Whey protein has gone through a number of phases over the years – from being used only by bodybuilders to now being used by athletes and casual exercisers at all levels.
This article will get to the core of what science says about whey protein powders. You will learn whether or not you should you use whey protein, the differences between the various types of whey protein, and how to make a smart purchase if you decide to use it.
What is Whey Protein?
Whey protein is a liquid byproduct of cheese production that is sold as a dietary supplement in protein powders and shakes. Whey protein used to be discarded by cheese manufacturers as a waste product.
Whey protein is also a “complete protein” that is fast and easy to digest. Whenever we eat a protein source, our body uses the 20 amino acids (which are the individual components of “protein”) to repair our bones, muscles, organs and virtually every body part and tissue in the human body. When a source of protein has all 9 essential amino acids, which are amino acids your body needs to get from food, that food is said to be a complete protein. Foods like meats, dairy, eggs and rare vegetable proteins such as quinoa are complete proteins. On the other hand, most vegetables, rice and starches are not complete proteins because they are missing one or more of the essential amino acids.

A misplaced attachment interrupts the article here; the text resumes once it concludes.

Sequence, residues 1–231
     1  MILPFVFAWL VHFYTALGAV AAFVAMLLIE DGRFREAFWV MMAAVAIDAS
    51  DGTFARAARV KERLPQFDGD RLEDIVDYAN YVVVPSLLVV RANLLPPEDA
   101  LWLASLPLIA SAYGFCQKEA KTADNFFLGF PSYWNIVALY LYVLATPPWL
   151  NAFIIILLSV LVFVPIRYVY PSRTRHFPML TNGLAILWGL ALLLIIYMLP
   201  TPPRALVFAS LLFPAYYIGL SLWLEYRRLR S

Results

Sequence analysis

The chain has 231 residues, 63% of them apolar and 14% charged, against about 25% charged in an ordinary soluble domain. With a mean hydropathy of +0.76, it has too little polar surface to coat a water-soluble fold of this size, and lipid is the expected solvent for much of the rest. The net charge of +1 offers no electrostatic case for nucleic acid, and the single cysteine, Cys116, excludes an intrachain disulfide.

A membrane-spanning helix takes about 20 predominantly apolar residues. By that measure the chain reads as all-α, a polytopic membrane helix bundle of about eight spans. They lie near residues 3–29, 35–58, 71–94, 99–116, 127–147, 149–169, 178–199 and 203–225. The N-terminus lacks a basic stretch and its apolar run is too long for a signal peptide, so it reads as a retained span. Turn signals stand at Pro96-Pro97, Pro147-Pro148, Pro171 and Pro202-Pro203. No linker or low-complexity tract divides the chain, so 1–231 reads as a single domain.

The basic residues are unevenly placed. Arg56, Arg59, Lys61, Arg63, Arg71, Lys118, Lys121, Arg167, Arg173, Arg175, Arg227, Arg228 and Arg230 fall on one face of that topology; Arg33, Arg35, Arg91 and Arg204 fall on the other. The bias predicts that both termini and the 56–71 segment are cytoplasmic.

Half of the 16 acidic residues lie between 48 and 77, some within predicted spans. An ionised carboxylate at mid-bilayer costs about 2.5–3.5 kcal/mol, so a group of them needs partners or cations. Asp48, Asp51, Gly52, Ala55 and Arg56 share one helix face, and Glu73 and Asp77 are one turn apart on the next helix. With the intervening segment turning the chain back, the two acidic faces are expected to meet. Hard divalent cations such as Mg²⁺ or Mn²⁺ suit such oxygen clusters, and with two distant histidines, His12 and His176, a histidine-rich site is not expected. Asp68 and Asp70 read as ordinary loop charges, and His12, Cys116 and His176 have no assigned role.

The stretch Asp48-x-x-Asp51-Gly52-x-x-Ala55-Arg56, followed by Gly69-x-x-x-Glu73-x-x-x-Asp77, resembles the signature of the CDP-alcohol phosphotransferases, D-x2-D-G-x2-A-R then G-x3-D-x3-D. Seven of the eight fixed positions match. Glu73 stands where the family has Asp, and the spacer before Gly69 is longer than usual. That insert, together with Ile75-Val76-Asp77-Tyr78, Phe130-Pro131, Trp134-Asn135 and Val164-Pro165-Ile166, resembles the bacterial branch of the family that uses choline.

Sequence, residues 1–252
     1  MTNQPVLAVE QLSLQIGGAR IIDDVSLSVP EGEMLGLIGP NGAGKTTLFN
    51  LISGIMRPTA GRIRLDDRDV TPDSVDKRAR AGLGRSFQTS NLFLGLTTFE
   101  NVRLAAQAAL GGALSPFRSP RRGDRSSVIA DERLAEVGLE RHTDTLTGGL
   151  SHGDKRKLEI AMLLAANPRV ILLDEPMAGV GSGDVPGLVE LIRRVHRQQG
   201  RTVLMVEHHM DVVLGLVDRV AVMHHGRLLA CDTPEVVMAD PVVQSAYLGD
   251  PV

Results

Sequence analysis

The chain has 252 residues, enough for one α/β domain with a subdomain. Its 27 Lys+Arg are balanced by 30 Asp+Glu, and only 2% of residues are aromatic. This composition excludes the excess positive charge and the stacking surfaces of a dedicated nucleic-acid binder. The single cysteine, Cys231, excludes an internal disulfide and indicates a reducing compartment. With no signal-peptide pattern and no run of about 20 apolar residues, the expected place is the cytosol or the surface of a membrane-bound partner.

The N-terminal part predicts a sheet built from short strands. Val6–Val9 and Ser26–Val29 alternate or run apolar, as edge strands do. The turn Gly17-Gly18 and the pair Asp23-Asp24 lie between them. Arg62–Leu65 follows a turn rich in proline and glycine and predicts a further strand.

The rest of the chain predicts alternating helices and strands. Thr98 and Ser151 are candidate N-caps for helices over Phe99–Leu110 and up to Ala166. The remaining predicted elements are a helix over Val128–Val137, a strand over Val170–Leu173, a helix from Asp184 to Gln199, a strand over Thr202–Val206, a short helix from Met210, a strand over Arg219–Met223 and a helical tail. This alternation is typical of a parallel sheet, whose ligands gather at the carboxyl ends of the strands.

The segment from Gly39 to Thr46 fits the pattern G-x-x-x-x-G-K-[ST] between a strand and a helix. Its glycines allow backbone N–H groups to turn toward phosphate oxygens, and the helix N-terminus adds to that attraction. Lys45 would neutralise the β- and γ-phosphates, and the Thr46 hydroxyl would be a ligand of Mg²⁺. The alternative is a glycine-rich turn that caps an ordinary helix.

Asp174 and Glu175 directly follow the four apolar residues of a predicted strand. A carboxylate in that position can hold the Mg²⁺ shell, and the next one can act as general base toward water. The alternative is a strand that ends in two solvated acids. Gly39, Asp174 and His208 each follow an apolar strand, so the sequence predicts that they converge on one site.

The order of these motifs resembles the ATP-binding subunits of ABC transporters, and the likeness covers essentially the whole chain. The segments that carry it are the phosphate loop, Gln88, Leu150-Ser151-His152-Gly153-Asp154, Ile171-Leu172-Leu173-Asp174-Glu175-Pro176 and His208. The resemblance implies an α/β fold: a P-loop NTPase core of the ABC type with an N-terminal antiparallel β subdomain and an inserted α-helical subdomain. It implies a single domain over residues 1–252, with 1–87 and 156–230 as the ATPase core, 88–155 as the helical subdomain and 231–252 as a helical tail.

Not only do foods have different amino acid profiles, but the rate at which the protein is absorbed by your body can vary. Of the different measures of protein absorption, one of the most popular is Biological Value (BV). Whey protein just so happens to have the highest score possible with a Biological Value of 100. This means that whey protein contains all the amino acids needed to make a complete protein and is very easily digested by your body.
Whey Protein Benefits
While no supplement can replace a diet of whole, natural, unprocessed foods, whey protein can be useful for people with a very busy, on-the-go lifestyle as a supplement to their normal diet.
The benefits of a high-quality whey protein supplement range from purely aesthetic to health preserving. Here’s a small list of 10 benefits that have been associated with whey protein supplementation:
Specific amino acids are used by your body for specific reasons. For instance, whey protein is high in Branched-Chain Amino Acids (BCAA’s), which are 3 of the 9 essential amino acids that are of special importance for muscle repair and preservation. In both exercise and in recovery of exercise, your body will break down a small amount of amino acids for fuel (1-5%) and the specific amino acids your body uses are the BCAA’s. Although this is a small percentage overall, your body will break down muscle in order to get those BCAA’s. By providing the body with a high amount of BCAA’s, your body preserves your muscle, while the specific amino acid leucine actually stimulates protein synthesis.
This means is that leucine sends a signal to your body to increase its storage of amino acids and the way your body primarily does this is by adding muscle.
So if you’re trying to put on muscle, having enough BCAA’s is essential to both help preserve the muscle, while also helping to stimulate additional muscle growth. If you’re in a hypo-caloric state (if you’re trying to lose weight and are cutting calories), preserving muscle becomes even more important and ensuring that you have enough BCAA’s helps to keep your body from losing muscle, while simultaneously helping you to lose fat.